Compost Garden at Sylvia Park

Our mission

Sylvia Park is on a mission to do its part in helping the environment and the community. Our goal is to reduce organic waste going to landfills by 5%. To achieve this, we have partnered with Outside In to create our own compost station. 

Composting is a process that breaks down organic material with oxygen to create nutrient-rich soil. In this initiative, Sylvia Park collects food scraps from our food retailers and turns them into compost at the back of our centre. The compost is then used to grow delicious vegetables and fruits right in our own backyard.


Our retailers put their food scraps into special wheelie bins which we then collect. Over the past year, the compost has been made from banana peels, spring rolls, vegetable trimmings, discarded fruit and much more. You name it, we’ve composted it. 

We then sort through the bins to make sure nothing uncompostable has been discarded. Once it’s all good to go, we head to our compost station.

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At our composting station, we have four quadrants, and we start by filling up the first one. We mix the food scraps with things like hedge trimmings, twigs, and other woody materials that are high in moisture and carbon.

To build the compost, we layer the food scraps with the hedge trimmings and woody waste in a tiered cake-like pattern until the quadrant is full. In the first quadrant, we can compost almost 1700 liters or 1.7 cubic meters, but as the compost matures, it becomes more compact and reduces in size.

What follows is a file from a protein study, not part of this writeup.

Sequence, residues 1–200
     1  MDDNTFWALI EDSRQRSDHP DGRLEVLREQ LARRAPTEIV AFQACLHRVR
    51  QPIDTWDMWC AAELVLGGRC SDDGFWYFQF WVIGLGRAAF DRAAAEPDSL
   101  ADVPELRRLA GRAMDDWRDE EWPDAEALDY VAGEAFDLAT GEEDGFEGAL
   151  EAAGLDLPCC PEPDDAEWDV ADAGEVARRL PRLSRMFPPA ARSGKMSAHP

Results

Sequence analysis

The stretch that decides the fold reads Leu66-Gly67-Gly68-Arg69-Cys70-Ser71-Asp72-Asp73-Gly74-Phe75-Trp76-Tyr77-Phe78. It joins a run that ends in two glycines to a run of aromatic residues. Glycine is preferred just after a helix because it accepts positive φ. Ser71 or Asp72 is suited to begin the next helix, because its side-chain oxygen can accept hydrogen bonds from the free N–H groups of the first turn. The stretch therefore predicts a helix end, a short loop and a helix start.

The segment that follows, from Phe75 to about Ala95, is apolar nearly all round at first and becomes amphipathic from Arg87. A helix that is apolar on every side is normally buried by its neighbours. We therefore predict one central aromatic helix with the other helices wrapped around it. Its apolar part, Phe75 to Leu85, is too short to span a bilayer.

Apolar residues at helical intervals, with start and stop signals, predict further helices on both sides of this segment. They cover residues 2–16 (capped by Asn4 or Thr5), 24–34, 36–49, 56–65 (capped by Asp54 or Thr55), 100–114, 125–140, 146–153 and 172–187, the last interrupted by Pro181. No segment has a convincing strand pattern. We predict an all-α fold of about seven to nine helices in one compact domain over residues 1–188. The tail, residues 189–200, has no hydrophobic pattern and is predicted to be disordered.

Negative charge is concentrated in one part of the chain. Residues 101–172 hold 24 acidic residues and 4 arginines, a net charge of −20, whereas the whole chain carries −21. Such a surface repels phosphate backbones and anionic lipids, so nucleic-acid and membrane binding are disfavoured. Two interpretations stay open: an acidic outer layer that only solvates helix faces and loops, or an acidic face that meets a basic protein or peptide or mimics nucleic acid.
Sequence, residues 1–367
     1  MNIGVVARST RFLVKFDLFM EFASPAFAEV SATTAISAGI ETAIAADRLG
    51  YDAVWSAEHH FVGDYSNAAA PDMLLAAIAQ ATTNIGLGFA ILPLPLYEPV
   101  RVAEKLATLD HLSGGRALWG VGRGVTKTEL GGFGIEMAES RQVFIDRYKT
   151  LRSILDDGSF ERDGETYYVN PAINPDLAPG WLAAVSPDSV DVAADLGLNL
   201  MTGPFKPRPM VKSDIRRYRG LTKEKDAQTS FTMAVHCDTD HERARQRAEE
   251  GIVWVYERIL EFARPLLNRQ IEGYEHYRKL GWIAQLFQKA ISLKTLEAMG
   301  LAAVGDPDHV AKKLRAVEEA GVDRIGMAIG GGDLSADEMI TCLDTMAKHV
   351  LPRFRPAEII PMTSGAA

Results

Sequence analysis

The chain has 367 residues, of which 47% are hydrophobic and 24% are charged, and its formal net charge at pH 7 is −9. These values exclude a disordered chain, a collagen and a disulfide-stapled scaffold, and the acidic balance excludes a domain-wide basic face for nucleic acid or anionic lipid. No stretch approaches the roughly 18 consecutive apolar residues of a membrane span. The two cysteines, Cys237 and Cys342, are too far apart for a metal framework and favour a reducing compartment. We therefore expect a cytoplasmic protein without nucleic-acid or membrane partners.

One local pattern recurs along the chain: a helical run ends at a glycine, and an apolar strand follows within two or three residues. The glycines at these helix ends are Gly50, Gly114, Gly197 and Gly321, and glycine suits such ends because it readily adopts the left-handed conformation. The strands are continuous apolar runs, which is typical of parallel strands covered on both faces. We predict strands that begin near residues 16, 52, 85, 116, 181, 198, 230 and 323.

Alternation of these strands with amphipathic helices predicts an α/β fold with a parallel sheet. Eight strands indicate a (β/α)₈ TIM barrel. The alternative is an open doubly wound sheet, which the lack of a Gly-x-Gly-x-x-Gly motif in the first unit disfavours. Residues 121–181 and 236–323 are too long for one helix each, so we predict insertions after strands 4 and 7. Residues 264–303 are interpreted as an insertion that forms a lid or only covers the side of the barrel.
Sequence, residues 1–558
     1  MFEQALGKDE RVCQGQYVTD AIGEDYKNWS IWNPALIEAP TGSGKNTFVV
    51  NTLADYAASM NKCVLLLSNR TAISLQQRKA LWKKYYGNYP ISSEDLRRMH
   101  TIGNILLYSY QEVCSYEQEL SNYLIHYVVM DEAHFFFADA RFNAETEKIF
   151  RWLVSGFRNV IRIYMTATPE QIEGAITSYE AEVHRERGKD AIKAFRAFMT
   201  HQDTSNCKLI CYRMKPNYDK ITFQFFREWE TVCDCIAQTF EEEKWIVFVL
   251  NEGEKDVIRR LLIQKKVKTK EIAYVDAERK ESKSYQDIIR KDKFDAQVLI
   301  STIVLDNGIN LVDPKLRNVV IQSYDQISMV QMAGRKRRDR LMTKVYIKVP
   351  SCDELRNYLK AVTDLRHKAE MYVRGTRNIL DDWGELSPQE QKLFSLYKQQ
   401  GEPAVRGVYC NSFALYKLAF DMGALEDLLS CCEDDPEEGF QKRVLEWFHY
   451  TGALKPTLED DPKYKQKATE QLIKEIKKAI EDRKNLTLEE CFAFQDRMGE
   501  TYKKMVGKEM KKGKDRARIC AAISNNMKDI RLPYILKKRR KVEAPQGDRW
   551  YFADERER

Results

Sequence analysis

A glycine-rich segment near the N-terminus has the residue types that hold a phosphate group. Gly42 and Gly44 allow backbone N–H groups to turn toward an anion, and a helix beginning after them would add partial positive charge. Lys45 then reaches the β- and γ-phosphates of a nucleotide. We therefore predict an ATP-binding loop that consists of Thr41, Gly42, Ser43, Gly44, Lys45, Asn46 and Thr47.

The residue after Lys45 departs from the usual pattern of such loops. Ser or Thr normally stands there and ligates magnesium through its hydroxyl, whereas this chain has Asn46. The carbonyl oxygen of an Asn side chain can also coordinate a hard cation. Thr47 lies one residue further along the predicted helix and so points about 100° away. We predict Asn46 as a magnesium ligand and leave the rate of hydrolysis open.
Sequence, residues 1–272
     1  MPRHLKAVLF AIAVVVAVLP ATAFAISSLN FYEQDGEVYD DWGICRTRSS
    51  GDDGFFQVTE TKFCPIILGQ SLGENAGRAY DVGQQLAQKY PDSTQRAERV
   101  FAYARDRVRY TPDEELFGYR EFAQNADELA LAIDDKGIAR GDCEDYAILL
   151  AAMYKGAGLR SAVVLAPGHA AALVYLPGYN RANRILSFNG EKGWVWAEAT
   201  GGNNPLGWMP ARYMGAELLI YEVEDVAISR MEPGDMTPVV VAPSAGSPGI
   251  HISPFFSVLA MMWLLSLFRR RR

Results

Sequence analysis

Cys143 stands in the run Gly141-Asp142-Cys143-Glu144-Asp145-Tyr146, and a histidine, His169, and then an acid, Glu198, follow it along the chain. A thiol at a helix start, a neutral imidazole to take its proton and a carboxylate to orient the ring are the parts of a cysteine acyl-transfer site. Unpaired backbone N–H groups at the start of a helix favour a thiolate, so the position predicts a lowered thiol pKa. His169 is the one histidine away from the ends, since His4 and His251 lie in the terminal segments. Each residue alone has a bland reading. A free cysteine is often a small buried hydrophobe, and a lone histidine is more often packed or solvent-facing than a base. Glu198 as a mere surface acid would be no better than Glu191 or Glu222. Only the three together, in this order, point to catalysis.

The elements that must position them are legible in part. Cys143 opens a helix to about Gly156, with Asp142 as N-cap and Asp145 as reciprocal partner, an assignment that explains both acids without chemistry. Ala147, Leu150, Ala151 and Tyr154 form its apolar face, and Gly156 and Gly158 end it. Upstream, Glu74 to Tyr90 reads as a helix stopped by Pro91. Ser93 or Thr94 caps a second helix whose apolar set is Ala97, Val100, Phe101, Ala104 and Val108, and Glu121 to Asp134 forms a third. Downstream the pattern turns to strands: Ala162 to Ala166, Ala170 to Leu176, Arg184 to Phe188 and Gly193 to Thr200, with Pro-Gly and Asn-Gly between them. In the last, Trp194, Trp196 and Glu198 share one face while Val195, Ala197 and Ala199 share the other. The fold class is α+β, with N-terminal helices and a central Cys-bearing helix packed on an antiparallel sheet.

It takes us around a month to fill up a quadrant completely, which is equal to about 35 wheelie bins.

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When food waste ends up in landfills, it breaks down without oxygen, which leads to the production of harmful bacteria through a process known as anaerobic decomposition. However, in composting, we introduce oxygen and water to facilitate aerobic decomposition, which is crucial for producing nutrient-rich soil that can be used to grow plants and vegetables.

After a month in the quadrant, we flip our compost into the next quadrant. Flipping the compost helps reduce the production of harmful bacteria by adding air and water, which also speeds up the organic decomposition process.

As microorganisms break down the compost, it generates heat, with temperatures reaching up to 70 degrees Celsius.

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We flip the compost a total of 3 times into the different quadrants – this entire process takes about 12 to 16 weeks.

After this we have nutrient rich soil which we then scatter in our garden and the trees around our centre. Through our compost stations, we’ve been able to grow strawberries, tomatoes, kale, baby cos, basil and spinach.

Our goal for the future is to produce enough compost to produce food for our local community and even have community fruit trees. 

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